The Nasdaq Composite (^IXIC 0.46%) was the stock market leader throughout most of 2020, powering ahead to much greater gains than its fellow major benchmarks. In particular, high-growth stocks that were able to hold up well despite the recessionary conditions in the broader economy stood out as big winners and rewarded their shareholders handsomely.
However, that narrative has changed lately. As of 11 a.m. EDT on Thursday, the Nasdaq was down another 1.7%, building on losses that have taken the index into correction territory even as other benchmarks were at or near record highs. Moreover, it seems as though the Nasdaq is falling even though Fed chair Jerome Powell told investors Wednesday that the economy appeared to be in solid shape.
There's one possible answer for this apparent disconnect. If investors are actually paying attention to a common way of valuing high-growth stocks, then the Fed's nonchalance about a key impact that a stronger economy could bring might explain the near-panic among shareholders of those stocks.
More damage in high-growth stocks
To be clear, Thursday's declines weren't monumental by themselves. Tesla (TSLA -3.25%), for instance, was down just 3%. MercadoLibre (MELI -0.91%) saw a 4% slump, while Zoom Video Communications (ZM 1.50%) lost 3% and Atlassian (TEAM 3.23%) took a 5% hit.
However, those declines are just the latest in a series of drops for these stocks and many like them. Tesla is trading about 25% lower than its all-time highs from just a couple months ago. Zoom has given up roughly 40% from its record levels late last year. The move seems to reveal skepticism about whether the growth stocks have seen their shares rise too far, too quickly.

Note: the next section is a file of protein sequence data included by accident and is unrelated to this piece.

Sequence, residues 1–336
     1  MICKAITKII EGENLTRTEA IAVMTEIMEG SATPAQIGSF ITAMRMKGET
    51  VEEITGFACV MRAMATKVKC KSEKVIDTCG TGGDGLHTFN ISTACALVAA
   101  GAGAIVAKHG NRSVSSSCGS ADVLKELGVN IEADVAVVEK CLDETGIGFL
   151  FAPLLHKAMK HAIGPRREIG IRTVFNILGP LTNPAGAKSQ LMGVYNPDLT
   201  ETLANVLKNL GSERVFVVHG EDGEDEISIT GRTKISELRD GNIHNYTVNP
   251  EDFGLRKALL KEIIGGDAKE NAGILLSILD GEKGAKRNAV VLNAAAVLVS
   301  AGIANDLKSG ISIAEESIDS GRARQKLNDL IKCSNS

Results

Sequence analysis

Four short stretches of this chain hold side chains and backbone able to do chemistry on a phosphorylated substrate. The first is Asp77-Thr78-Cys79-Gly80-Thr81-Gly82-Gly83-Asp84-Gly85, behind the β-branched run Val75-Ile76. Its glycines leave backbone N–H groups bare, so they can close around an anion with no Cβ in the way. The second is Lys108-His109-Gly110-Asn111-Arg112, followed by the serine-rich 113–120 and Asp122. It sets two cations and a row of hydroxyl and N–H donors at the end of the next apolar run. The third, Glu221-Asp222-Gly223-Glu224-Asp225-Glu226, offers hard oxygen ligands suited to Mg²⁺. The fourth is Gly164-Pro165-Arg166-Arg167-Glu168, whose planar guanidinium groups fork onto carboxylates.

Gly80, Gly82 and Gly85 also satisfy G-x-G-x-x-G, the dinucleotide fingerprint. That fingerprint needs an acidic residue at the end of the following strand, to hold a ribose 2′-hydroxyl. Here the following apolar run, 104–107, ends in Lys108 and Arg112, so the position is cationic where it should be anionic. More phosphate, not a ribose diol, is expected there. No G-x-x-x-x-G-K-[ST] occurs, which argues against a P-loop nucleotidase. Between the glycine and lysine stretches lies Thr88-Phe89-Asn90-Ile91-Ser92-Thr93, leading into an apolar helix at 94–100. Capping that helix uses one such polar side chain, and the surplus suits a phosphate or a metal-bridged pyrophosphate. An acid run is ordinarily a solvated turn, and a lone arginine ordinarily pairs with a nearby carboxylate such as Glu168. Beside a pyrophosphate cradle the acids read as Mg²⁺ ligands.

What the Fed has to do with high-growth stocks
It might seem as though the Federal Reserve's actions wouldn't necessarily have any impact on high-growth stocks. Investor interest in these companies has been so high that access to capital hasn't been a problem. Many of them have more than enough cash to make it through tough times in the future, and some of them are even cash-flow positive and can sustain themselves simply by maintaining current business levels.
However, the recent rise in interest rates due to inflationary fears has been troubling to investors. One potential impact is that if you value a company based on the discounted value of its future financial results, then higher interest rates make the performance that comes further into the future less valuable. With rates at zero, it almost doesn't matter from a valuation standpoint whether a company makes money now or five years from now, and low rates reward companies that defer smaller profits now in favor of larger profits later. That's been the basis for the huge run-ups in these stocks.
Higher interest rates reverse that trend. Suddenly, companies will get rewarded for producing results now rather than later. Valuations on companies that will take years to play out will take a hit.
Seize the opportunity
For long-term investors, that actually might be good news. It would signal that the stock price declines aren't about fears that companies aren't going to be able to live up to their full potential. Rather, it just reduces the value put on those same strong future results.
If you can get the same strong business at a discount, you should jump at the chance. That's the advantage long-term investors have, and now's the time to look closely at some of the stocks the rest of the market is giving up on.